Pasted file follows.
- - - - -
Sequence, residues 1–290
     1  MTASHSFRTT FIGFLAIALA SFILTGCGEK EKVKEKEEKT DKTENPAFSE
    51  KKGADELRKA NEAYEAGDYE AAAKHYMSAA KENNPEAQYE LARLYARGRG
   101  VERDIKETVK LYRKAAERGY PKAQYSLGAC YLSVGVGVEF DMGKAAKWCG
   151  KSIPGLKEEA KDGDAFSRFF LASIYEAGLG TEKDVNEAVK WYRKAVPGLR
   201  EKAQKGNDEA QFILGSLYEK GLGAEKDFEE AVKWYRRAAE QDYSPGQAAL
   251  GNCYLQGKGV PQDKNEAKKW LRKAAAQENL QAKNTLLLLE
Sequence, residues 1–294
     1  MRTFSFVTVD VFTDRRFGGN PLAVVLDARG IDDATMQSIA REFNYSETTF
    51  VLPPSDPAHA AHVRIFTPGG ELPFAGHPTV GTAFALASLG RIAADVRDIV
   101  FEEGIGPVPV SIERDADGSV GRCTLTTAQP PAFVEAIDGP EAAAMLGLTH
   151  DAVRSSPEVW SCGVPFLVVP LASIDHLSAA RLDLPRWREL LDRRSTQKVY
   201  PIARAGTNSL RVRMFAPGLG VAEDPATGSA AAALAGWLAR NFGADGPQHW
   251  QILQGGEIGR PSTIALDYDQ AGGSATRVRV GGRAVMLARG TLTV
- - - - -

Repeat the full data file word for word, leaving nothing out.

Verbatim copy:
Sequence, residues 1–290
     1  MTASHSFRTT FIGFLAIALA SFILTGCGEK EKVKEKEEKT DKTENPAFSE
    51  KKGADELRKA NEAYEAGDYE AAAKHYMSAA KENNPEAQYE LARLYARGRG
   101  VERDIKETVK LYRKAAERGY PKAQYSLGAC YLSVGVGVEF DMGKAAKWCG
   151  KSIPGLKEEA KDGDAFSRFF LASIYEAGLG TEKDVNEAVK WYRKAVPGLR
   201  EKAQKGNDEA QFILGSLYEK GLGAEKDFEE AVKWYRRAAE QDYSPGQAAL
   251  GNCYLQGKGV PQDKNEAKKW LRKAAAQENL QAKNTLLLLE
Sequence, residues 1–294
     1  MRTFSFVTVD VFTDRRFGGN PLAVVLDARG IDDATMQSIA REFNYSETTF
    51  VLPPSDPAHA AHVRIFTPGG ELPFAGHPTV GTAFALASLG RIAADVRDIV
   101  FEEGIGPVPV SIERDADGSV GRCTLTTAQP PAFVEAIDGP EAAAMLGLTH
   151  DAVRSSPEVW SCGVPFLVVP LASIDHLSAA RLDLPRWREL LDRRSTQKVY
   201  PIARAGTNSL RVRMFAPGLG VAEDPATGSA AAALAGWLAR NFGADGPQHW
   251  QILQGGEIGR PSTIALDYDQ AGGSATRVRV GGRAVMLARG TLTV